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OSU Extension

College of Food, Agricultural, and Environmental Sciences

February 27, 2018 - 8:00am -- Anonymous

Fluctuating temperatures, from record setting warmth to more typical late winter cold, seems to be our weather pattern of late.  With the approach of spring, temperatures normally tend to fluctuate, along with a warming trend.  From a stored grain management perspective, fluctuating temperatures present challenges to maintaining grain quality.  Given the grain prices and markets that producers are working with, there is a considerable amount of grain in storage waiting for an improvement in prices.  I’m going to rely on Ken Hellevang, a North Dakota University Extension grain storage specialist to provide some stored grain management advice as we move into spring.

The first thing to be aware of is that grain bins act as a solar collector as daytime temperatures rise.  More heating occurs on the south wall of a grain bin on March 1 than during the middle of the summer.  According to Hellevang, the result is that the grain next to the bin wall is heated to temperatures exceeding average outside temperatures.  If grain was put into storage last fall at above recommended storage moisture content then this heating is a concern. Remember that the maximum moisture content for warm-season storage is 13 to 14 percent for corn, 11 percent for soybeans, and 13.5 percent for wheat.

Hellevang recommends producers run the aeration fans periodically during the spring to keep the grain temperature cool, preferably near 30 F in the northern part of the country during March and April, and below 40 F in southern regions. Nighttime temperatures typically are near or below 30 F in March and below 40 F in April across the north-central region of the U.S. Cover aeration fans or ducts when not operating. The wind and a natural chimney effect will push warm, moist spring air through the grain.  If the wind blows primarily during the daytime, the grain will be warmed to the daily maximum temperature. Typical maximum temperatures, even in northern states in late March, are in the mid-40s and increase in late April to around 60 F. Additionally, grain moisture will increase as the grain is warmed.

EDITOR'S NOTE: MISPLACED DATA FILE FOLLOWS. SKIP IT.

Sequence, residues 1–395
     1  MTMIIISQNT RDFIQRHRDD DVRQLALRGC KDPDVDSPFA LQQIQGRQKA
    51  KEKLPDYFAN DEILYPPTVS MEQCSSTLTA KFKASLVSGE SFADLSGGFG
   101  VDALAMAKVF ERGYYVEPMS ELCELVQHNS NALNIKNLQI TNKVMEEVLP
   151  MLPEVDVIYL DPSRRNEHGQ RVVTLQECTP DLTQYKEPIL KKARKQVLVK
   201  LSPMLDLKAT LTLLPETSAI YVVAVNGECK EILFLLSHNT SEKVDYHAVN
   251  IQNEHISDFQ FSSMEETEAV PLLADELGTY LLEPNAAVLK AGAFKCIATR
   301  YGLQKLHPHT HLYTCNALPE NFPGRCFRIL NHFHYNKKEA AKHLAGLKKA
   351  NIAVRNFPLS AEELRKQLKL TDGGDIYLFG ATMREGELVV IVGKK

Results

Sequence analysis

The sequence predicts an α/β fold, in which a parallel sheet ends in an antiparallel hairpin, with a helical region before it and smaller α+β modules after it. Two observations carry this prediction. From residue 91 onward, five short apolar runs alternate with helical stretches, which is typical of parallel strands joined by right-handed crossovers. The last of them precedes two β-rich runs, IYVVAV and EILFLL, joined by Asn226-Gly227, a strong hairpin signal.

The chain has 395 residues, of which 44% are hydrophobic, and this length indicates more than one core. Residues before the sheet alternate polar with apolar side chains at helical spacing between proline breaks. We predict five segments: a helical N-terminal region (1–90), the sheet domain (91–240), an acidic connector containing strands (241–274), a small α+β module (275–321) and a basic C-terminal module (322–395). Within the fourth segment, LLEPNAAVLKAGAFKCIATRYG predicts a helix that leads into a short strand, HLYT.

The goal for grain storage through the summer months is to keep the grain as cool as possible to limit insect activity that damages stored grain.  Maintaining grain temperature below 60 degrees F reduces insect multiplication.  Other management practices that can help to keep grain cool is to provide an air inlet near the bin roof eave and an outlet near the peak to reduce the hot air in the top of the bin.  A ventilation fan to exhaust the hot air is another option. Hot air under the bin roof will heat several feet of grain at the top of the bin to temperatures conducive for insect infestations.   If necessary, running the aeration fan for a few hours to push air up through the cool stored grain will cool grain near the top. Pick a cool morning every two to three weeks during the summer to run the aeration fan, and only run the fan a few hours to minimize heating grain at the bottom of the bin. Cover the fan when it is not operating to prevent additional heating of the grain.

Hellevang suggests checking the stored grain at least every two weeks. While checking on the grain, measure and record the grain temperature and moisture content. Rising grain temperature may indicate insect or mold problems. Insect infestations can increase from being barely noticeable to major infestations in three to four weeks when the grain is warm.